Besides offering hearty greetings and a warm ambience, Conison has become a go-to expert for all things animal, even if that expertise happens on the spot with a perusal of the internet.
"I have a lot of people asking me questions, and plenty of times I have to look information up," she says. "I once had a woman call to ask me about an owl in her backyard. I get cool things like that."
Coming to Vermont
Tourists flock to Montpelier, the capital of the Green Mountain State, with weekenders from cities such as Boston or New York calling the area a second home.
"I have this cult of people that stop in to check out the weird, made in the USA products that can’t be found anywhere else," Conison says.
Autumn’s splendor finds "leaf peepers" fluttering into town to partake of the brilliant colors of fall.
Travelers searching for the quintessential take-home remembrance wander through a barnlike door at the rear of the store to discover a hodge-podge collage of local souvenir offerings.
"We carry made-in-Vermont jams, jellies, hot sauces, cookie cutters, crackers and other items," Conison says.
Tourism aside, The Quirky Pet is truly all about the furry set, and a broad array of treats, body parts and bully sticks stimulate canine salivation. Rough-hewn fronted shelves reveal glass canisters chock-full of delectable goodies.
"I have really weird stuff that people can’t find online," she says.
Apple baskets brimming with mouthwatering parts take shelter under an actual tree, strategically sprouting mid-store.
Medleys of these delicacies draw pet owners seeking the ultimate lip-smacking indulgence.
"I put together what I call ‘samplers,’ and they just fly out the door," Conison says.
Sampler selections mix it up and might contain duck heads, cow hooves, bison tendons, feet, chicken necks, ears or snouts. The feline set excites over offerings such as valerian root, twist toys or catnip buds.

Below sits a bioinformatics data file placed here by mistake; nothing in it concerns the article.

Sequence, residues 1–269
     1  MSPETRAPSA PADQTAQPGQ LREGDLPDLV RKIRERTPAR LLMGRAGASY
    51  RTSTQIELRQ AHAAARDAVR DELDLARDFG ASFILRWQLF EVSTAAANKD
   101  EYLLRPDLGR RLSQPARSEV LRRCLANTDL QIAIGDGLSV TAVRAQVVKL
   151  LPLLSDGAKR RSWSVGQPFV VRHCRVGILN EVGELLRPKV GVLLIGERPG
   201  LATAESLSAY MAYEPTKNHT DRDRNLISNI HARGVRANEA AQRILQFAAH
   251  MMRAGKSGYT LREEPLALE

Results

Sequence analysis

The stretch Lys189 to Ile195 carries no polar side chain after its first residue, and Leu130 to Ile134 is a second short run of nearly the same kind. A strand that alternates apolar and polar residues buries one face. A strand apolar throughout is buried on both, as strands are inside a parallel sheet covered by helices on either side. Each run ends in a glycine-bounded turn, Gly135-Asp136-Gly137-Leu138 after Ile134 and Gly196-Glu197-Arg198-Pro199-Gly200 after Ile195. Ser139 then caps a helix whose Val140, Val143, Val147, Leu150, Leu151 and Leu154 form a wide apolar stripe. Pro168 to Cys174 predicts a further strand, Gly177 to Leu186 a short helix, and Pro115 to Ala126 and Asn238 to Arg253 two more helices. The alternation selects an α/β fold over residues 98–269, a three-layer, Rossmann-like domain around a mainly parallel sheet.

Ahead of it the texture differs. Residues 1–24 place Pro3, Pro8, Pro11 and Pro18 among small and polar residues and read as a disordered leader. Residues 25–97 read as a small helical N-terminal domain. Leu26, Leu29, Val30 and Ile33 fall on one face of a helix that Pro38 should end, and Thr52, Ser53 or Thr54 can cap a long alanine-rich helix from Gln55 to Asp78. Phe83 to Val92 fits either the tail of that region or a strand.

"People get hooked on them and might buy three or four samplers at a time," Conison says.
For those seeking more-specific delights, the Tears for Ears offerings reveal cow, pig and lamb’s ears, while Just Feet selections feature a cornucopia of barnyard extremities. All sell for $10 and under.
"If a dog or cat likes what’s in the bag, the customer comes back for another, or will purchase specific items individually," Conison says.
More traditional, drool-worthy cookies entice from the bakery case, and cannabidiol (CBD) products are also on the menu.
"I carry oil that is made here in Vermont, and CBD treats are sold individually from a cookie jar," she says.
In late spring, when gardeners plant and pests emerge, residents turn to nature’s bug control as ever-popular praying mantis eggs arrive at The Quirky Pet. When the weather warms into summer, ladybugs are stocked.
"It’s a big deal," Conison says. "I put a big sign out in front of the store that says, ‘They’re back!’ People come in every year, especially the preschool teachers. I have been doing this since we opened."
Conison sticks to a locally and USA-made product mix; however, she does not walk the mainstream line when it comes to inventory.
"You expect a pet store to sell pet food, but I don’t," she says. "Pet lovers buy their food elsewhere and then turn to me for treats."
The Quirky Pet’s love of community is deep, and business owners and residents alike are supported.
"We are trying to build a community of ‘doggers’ and ‘catters,’" Sheir says. "We like to do our outreach in an educational way."
Embracing this ethos, the Young Entrepreneurs program is a weekly favorite. The pop-up bake sales take place every Saturday, weather permitting, on the sidewalk in front of the store.
"It’s our version of an old-time lemonade stand and creates such a nostalgic vibe," Sheir says. "Kids need a place to learn entrepreneurial skills. They generate walk-in traffic and draw families to our entire commercial neighborhood."
Conison assists budding bakers in determining pricing and necessary inventory for their business ventures and teaches the art of counting change and till management. Profits from the sweets are donated to a charity selected by the children, and customers are kept apprised of the goings-on through The Quirky Pet’s Facebook page.
"Last year, we invited kids to grow vegetables in their garden, and they sold their produce in front of the store," Sheir says. "It’s America in the best sense."